It’s August. Everywhere you look on education blogs or edu-Twitter, there are posts about going back to school. I know—I’ve written my fair share of them. Last year, I wrote about using centers for the first day of school and this year I wrote about relationships mattering more than content. But as you read about great ideas for the first day of school and building … Continue reading How will you tell your students about YOU?
When teaching geography (and every subject) we need diverse voices. We need to push back against dominant narratives that amplify some perspectives (usually of those in power) and erase or ignore others. With this in mind, my co-teacher and I created a new activity to shed light on who we focus on and where they tend to be from. We hoped to encourage students to … Continue reading What Continent Do You Think They Are From? Drawing Humans to Reveal Internalized Bias
By Kristen Bednarz Director of Marketing, National Geographic Society When the yellow-framed student version of a National Geographic Society publication arrives in classrooms, it brings an eagerness to explore—and not just to its student readership. National Geographic’s Explorer magazine reminds us adults of the magic we felt as kids when we read (or, in my case, looked at photos) in the original magazine. I remember collecting … Continue reading Across the ‘Blackboard’, Explorer Magazine Sparks Curiosity
Outdoor Classroom Day is May 18! Get ready with these great ideas from Nat Geo Educators! 1. Gardening Becky Collins, a teacher at Lipscomb Academy in Nashville, Tennessee, created a gardening program for her kindergarten students, teaching them about where food comes from and how it’s grown. Through this project, Becky has convinced her pickiest eaters to try broccoli, and in the process she has … Continue reading 10 Ways to Take Your Classroom Outside!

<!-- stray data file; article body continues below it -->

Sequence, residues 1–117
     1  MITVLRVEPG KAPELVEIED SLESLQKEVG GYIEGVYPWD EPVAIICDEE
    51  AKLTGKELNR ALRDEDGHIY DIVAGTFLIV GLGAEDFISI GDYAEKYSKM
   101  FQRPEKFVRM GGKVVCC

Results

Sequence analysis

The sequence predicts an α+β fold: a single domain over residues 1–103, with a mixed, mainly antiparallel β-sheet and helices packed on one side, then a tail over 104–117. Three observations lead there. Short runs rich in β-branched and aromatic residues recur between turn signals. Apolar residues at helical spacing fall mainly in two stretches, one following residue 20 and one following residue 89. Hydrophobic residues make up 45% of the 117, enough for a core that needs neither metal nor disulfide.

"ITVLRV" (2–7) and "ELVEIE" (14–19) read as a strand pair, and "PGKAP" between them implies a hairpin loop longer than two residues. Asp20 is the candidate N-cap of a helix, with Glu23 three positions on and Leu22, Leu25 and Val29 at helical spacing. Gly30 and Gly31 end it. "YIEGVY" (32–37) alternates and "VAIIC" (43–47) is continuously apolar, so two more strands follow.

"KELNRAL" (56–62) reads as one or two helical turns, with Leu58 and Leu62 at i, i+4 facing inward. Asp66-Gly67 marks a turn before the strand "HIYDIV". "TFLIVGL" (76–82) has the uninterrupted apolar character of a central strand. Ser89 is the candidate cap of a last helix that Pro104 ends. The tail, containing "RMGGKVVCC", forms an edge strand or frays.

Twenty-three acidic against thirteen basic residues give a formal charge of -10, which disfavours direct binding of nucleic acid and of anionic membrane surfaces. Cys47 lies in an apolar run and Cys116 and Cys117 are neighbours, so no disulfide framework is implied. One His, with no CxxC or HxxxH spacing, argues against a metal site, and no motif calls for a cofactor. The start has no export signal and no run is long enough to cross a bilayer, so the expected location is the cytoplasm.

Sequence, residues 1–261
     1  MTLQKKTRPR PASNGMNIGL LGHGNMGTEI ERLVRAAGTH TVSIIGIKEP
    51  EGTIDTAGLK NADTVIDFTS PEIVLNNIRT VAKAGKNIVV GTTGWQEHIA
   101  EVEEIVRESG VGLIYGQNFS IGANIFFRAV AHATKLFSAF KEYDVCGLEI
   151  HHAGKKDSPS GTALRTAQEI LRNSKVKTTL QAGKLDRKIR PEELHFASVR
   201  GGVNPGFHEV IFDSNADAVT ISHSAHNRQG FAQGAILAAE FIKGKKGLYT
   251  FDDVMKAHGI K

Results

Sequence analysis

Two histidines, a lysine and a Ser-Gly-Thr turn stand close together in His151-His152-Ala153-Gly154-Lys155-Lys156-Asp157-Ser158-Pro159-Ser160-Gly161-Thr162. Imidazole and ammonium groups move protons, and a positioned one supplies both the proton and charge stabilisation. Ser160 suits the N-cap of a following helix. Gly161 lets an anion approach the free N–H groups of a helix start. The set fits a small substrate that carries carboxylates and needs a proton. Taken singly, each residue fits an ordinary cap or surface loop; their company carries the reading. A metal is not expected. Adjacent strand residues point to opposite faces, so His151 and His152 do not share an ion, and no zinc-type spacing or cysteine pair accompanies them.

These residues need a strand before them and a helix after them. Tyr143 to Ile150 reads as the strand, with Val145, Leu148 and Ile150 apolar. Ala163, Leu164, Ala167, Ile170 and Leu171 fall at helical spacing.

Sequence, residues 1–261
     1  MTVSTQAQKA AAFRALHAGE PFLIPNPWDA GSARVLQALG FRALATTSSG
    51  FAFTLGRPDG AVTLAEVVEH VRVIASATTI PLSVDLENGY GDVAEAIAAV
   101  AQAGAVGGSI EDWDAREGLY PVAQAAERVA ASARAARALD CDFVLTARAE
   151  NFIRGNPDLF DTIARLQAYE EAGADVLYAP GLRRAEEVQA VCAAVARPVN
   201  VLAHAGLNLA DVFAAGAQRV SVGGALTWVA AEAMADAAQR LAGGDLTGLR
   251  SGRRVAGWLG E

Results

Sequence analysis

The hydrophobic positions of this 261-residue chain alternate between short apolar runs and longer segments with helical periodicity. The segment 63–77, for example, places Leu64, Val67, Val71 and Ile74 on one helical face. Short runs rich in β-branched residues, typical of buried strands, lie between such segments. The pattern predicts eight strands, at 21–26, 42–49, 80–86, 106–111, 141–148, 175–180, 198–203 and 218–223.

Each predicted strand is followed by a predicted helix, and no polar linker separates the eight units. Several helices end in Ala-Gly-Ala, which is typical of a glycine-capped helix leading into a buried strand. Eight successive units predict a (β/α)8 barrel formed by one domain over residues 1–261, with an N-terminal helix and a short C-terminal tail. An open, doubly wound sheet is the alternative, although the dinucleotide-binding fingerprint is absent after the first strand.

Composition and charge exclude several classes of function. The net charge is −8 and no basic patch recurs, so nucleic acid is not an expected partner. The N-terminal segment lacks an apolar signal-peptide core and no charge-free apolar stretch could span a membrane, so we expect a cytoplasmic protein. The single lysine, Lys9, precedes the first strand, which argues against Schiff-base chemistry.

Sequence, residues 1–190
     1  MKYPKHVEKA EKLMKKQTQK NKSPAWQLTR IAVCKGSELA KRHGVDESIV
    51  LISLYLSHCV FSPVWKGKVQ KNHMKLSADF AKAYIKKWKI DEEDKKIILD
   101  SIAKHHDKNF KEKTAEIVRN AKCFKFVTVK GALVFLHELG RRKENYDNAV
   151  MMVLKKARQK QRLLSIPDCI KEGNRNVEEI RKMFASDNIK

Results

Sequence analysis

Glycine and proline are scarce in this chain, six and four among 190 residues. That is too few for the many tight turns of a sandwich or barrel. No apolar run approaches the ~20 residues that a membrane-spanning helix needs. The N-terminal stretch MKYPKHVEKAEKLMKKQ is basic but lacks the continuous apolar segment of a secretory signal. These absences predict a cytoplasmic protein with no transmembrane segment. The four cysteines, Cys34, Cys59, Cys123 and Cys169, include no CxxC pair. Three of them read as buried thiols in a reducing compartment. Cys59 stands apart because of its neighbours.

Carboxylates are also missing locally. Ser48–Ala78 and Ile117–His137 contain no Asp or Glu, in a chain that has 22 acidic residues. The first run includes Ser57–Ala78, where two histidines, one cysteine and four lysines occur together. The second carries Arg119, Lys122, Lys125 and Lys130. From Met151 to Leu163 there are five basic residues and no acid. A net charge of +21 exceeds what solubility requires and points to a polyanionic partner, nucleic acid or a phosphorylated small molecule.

Marcy has been a teacher in the Town of Brookline for thirty-five years. Her passion has always been teaching geography and social studies to students in grades 1, 2, 3, and 4. Helping students to understand other cultures around the world is a first step towards understanding and peace in the 21st century. Many of her past students have become teachers, archaeologists, and have become part of many other professions that help other people. Knowing that she has been slightly responsible for students choosing “helpful” professions and working towards a peaceful future has been extremely gratifying for her! Her own children, now 26 and 21 years of age, have developed her beliefs in a better world to come.
My second grade class is studying the Hopi, a Native American people who live in the northeastern region of Arizona. I was lucky enough to receive a Brookline Education Foundation grant to visit Hopiland. I spent time among the Hopi and learned more deeply about their culture in order to impart my knowledge to my students. The Hopi are a deeply religious people. Their entire year is devoted to praying for rain, for their geography shows that rain is scarce in this desert land.
One of the Hopi origin stories, the Magic Water Jug, tells how the Hopi migrated to four worlds, each world a more difficult place to live, to ensure that they would not forget to pray to their Creator, Taiowa. And what would force the Hopi to remember their Creator? The lack of fresh water…which would result in a lack of food (corn being their leading crop). The lack of food would make certain that the Hopi would continue to pray to Taiowa. If you look at a Hopi calendar, each month has celebrations when different Hopi groups dance and pray for rain, as the Hopi spectators look down upon them from the rooftops of their pueblo homes. Some of the dances include the “Snake Dance,” “The Butterfly Dance,” “The Bean Dance,” “The Eagle Dance,” etc. Here is a video from the early 20th century showing a Hopi rain dance. http://memory.loc.gov/mbrs/trmp/4121.mov